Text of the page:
I met a new neighborhood mom the other day. She just moved into a house around the corner and one of my neighbors invited her and her kids to a birthday party.
She and I were chatting, that initial how old are your kids, are they in school/preschool conversation, and I told her that Z is in first grade and E is in preschool five mornings a week. She looked at me, smiled and said So you work, then?
And then I think I mumbled something about volunteering a bunch and planning on working at some point in the future and then I may have twitched and drooled just a bit before elegantly steering the conversation away to HEY LOOK A BUNNY.
It was one of those conversations that make me cringe now thinking about it. And I've been replaying it in my mind since then, only this time I smile confidently and say No and IT'S FANSTASTIC! I'm able to have some alone time, to exercise and bake and sew Halloween costumes and grocery shop without small children and volunteer for several causes I care about and I'm really enjoying it!
Because truly that's how I feel. I'm really starting to enjoy our lives right now. I'm grateful for where we are in our lives, and happily busy and fulfilled with a small dose of volunteer work.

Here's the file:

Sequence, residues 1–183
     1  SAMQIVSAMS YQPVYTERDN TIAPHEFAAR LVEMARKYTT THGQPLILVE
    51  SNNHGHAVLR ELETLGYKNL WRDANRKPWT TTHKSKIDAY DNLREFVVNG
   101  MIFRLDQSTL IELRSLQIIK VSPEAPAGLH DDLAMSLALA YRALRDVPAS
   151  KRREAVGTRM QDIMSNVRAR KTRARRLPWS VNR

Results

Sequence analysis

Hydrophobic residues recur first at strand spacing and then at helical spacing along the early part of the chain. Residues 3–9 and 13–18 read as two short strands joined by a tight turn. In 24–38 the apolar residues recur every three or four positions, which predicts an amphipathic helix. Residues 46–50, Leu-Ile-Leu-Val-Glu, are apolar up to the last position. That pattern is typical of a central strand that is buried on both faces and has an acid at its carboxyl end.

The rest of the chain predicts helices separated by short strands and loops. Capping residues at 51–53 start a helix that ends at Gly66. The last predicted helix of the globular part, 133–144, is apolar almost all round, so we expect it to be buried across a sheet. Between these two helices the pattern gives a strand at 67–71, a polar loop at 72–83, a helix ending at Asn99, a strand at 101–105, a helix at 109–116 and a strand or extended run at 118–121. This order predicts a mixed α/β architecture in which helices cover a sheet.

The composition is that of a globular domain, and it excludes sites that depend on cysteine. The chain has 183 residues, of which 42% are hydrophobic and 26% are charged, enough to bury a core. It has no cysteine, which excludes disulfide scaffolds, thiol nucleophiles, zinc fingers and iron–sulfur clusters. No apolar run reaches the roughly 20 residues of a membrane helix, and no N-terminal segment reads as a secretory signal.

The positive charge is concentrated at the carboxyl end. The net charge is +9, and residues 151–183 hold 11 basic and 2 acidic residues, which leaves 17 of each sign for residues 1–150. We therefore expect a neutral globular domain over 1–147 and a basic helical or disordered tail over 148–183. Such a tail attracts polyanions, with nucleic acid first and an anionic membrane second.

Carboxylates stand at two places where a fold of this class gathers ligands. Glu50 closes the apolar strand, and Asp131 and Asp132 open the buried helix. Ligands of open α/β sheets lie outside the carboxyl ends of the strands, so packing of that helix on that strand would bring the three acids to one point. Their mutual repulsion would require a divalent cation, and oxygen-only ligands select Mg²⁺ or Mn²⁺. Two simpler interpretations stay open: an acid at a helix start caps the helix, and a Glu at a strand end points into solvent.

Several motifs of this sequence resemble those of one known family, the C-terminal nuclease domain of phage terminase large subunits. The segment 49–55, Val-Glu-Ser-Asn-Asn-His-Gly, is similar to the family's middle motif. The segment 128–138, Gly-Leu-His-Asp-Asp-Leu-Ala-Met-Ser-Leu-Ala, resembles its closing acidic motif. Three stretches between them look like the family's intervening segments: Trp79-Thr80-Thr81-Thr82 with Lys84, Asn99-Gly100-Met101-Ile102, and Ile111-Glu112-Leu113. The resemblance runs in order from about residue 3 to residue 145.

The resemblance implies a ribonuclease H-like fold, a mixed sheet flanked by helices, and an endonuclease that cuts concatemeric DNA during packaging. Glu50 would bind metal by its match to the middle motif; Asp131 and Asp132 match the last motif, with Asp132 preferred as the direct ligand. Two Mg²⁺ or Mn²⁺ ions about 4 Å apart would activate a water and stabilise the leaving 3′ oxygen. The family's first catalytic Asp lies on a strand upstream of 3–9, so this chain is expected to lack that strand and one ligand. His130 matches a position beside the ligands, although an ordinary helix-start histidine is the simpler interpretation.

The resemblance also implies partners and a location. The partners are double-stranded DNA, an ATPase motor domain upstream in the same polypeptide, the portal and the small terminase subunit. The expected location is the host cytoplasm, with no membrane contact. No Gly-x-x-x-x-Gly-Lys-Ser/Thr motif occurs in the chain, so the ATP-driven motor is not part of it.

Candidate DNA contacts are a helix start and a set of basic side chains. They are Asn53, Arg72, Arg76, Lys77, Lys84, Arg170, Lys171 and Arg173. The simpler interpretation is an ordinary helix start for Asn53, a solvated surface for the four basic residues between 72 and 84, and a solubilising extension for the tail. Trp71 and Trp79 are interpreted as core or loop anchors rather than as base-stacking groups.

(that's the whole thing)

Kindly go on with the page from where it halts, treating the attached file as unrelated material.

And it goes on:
So why couldn't I say that to this other mom?
While presumptive, I don't think she meant her question to be judgmental. She is home with two younger kids and I'm guessing she is thinking the same thing I thought when I had a baby and a preschooler: as soon as they are both in school and don't need me so much, I will go back to work. When my kids were her kids' ages, I truly couldn't fathom what I would do at home all day while older kids were off at school.
Ha. NOW I KNOW.
Our family's schedules, the running of our entire household, has been built on the presumption that I will be at home in the capacity that I am now. So much would have to change if I were to get a job that it boggles the mind.
Of course, it would be possible. But me working would be a huge change and none of us in our family want to make that change right now so here we are.
I like being home to pick up Z from the bus stop, to hear her talk about her day on the walk home from school is to get an increasingly rare window into her world. I like having lunch with E, all by ourselves, with lots of time to chat and munch and cuddle and chat some more.
The truth is they still need me. A lot. Their needs are different now. But those needs are many and various and true.
My kids are in school and I'm still at home.
Say it loud, say it proud.